Thu, 11/08/2018 - 10:33am
A globally important food crop as well as a staple at every* American Thanksgiving table, Sweetpotato (Ipomoea batatas) has widely recognized potential to alleviate hunger, vitamin A deficiency, and poverty in Sub-Saharan Africa (SSA). Biofortification with pro-vitamin A-rich orange-fleshed sweetpotato (OFSP) in SSA has led to millions of Africans being spared the devastating effects of vitamin A deficiency, a main cause of illness, blindness…
Wed, 10/17/2018 - 10:53am
Millions of years ago, before humans became fully bipedal, ancestral hominins used stones to break bones and nuts, probably while standing upright. A new study from the Primate Cognition and Behavior Lab in the department of psychology published today by the Royal Society journal Proceedings B documents how contemporary bearded capuchin monkeys likewise use stones to break nuts: [B]ecause the fossil record is fragmentary and reconstructing…
Tue, 09/04/2018 - 11:33am
Columns features the publication of a new book written by a Franklin faclty member on one of the most ubiquitous substances found around the world, new and dear to Georgians but crucial to everything from earthenware to building construction and especially its geological role in the 'Critcal Zone': Written by UGA faculty member Paul Schroeder, Clays in the Critical Zone considers clay science in the context of the Critical Zone, the Earth’s…
Tue, 05/22/2018 - 3:03pm
Recent research co-authored by department of genetics Ph.D. candidate Michelle Ziadie focuses on resources available for undergraduate evolution instructors. From the abstract of the paper: Evolution is a unifying theory in biology and is challenging for undergraduates to learn. An instructor’s ability to help students learn is influenced by pedagogical content knowledge (PCK), which is topic-specific knowledge of teaching and learning.…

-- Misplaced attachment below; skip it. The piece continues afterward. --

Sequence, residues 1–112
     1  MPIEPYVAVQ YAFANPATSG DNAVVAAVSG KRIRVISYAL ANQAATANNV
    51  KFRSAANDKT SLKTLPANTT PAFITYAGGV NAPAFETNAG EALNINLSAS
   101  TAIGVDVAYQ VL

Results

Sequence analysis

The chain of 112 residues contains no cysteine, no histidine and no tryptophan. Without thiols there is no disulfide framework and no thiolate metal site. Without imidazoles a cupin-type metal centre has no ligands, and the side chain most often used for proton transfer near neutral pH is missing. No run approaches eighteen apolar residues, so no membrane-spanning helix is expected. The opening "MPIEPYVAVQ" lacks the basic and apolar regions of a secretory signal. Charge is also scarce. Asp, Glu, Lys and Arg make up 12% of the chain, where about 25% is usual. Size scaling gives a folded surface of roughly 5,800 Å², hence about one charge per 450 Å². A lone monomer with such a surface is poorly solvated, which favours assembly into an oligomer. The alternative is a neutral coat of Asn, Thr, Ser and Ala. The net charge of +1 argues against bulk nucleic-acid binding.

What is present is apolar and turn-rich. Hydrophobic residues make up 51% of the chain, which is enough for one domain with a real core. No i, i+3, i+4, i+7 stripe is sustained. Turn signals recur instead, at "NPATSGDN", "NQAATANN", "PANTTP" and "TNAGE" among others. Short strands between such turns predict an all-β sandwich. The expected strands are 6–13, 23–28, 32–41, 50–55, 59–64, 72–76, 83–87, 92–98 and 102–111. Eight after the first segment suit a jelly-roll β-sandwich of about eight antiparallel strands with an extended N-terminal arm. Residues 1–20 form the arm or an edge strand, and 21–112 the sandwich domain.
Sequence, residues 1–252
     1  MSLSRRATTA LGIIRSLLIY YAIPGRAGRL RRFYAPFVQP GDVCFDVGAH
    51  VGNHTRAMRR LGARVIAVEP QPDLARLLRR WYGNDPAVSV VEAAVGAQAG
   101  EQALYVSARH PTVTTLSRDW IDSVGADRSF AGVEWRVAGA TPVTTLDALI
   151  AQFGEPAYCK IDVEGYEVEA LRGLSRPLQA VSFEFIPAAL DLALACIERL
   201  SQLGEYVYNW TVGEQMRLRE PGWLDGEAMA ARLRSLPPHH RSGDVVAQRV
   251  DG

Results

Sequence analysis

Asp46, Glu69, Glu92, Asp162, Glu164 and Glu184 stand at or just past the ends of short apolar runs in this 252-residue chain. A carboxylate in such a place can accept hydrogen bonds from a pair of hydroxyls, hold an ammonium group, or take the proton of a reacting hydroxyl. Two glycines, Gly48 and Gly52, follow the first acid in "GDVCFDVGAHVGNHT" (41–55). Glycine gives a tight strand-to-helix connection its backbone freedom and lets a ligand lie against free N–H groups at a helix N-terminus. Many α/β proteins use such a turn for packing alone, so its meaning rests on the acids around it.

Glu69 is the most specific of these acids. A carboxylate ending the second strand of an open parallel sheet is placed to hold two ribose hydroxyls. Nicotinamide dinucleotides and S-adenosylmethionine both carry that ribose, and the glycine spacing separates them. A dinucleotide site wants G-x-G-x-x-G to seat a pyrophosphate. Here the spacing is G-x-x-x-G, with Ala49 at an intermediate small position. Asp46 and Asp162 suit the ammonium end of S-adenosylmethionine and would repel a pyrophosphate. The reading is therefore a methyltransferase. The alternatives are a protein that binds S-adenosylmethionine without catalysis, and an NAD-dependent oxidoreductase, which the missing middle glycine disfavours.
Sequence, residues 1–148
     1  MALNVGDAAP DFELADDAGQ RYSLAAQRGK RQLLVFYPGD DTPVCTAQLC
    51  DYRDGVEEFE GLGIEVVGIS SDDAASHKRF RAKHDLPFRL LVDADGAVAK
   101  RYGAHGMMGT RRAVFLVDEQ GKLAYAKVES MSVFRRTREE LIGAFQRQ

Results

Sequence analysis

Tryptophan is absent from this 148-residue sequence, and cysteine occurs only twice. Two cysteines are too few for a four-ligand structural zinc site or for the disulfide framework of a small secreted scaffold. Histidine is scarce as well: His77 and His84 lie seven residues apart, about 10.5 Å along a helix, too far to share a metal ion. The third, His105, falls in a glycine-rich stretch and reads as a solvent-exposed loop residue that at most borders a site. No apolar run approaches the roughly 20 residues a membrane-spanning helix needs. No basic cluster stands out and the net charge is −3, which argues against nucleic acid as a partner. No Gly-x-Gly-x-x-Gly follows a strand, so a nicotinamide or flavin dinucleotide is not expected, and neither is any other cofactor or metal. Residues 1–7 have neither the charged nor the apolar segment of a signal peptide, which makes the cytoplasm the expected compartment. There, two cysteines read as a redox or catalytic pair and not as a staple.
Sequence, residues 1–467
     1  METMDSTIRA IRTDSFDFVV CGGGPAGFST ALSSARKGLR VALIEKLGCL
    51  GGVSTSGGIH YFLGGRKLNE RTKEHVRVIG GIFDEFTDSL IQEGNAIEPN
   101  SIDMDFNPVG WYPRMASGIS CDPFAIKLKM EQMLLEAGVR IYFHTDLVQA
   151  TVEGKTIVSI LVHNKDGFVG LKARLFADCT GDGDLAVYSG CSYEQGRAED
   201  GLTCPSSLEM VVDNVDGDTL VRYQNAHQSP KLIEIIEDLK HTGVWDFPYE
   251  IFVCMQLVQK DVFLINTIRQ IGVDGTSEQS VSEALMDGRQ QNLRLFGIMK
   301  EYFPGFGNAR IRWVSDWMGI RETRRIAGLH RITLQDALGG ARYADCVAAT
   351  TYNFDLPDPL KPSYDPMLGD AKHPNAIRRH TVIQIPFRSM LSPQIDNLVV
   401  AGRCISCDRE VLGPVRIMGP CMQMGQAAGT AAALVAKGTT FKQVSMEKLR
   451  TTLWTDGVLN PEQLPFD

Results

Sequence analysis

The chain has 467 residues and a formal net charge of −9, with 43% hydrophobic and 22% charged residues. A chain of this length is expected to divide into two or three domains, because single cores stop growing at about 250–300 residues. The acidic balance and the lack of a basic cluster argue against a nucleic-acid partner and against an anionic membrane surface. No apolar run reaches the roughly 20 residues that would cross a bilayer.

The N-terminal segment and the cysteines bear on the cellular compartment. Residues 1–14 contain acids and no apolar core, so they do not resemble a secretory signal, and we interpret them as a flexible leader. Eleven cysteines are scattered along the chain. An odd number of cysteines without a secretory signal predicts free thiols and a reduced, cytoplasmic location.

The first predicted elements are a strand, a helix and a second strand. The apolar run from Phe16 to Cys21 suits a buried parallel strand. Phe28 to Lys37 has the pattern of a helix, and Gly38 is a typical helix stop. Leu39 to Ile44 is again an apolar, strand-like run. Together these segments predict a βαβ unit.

Tags: Human Nature, Conner Hall, Office of Development and Alumni Relations
Fri, 05/11/2018 - 1:27pm
A striking new study published in the journal Cell shows details how ancient microbes that thrive in some of the world’s most extreme environments and modern-day humans have more in common than meets the eye—namely, they both respire and conserve energy using a similar molecular mechanism, one that has adapted to changing environmental conditions over billions of years: "Nature is really good at finding molecules that work and then modifying…
Tags: student-athletes, English, freshman, Theatre and Film Studies, Human Nature
Fri, 08/09/2013 - 9:27am
On August 21, WUGA-TV will broadcast a new 30-minute documentary on medical students in Athens, produced and edited by graduate students from the Grady College: The 30-minute documentary-"Changes and Transitions: Georgia's New Medical Partnership," compiled by a team of health and medical journalism students from the Grady College of Journalism and Mass Communication, is a peek behind the scenes into the lives of the medical students and their…
Tags: evolution, genetics, research, graduate student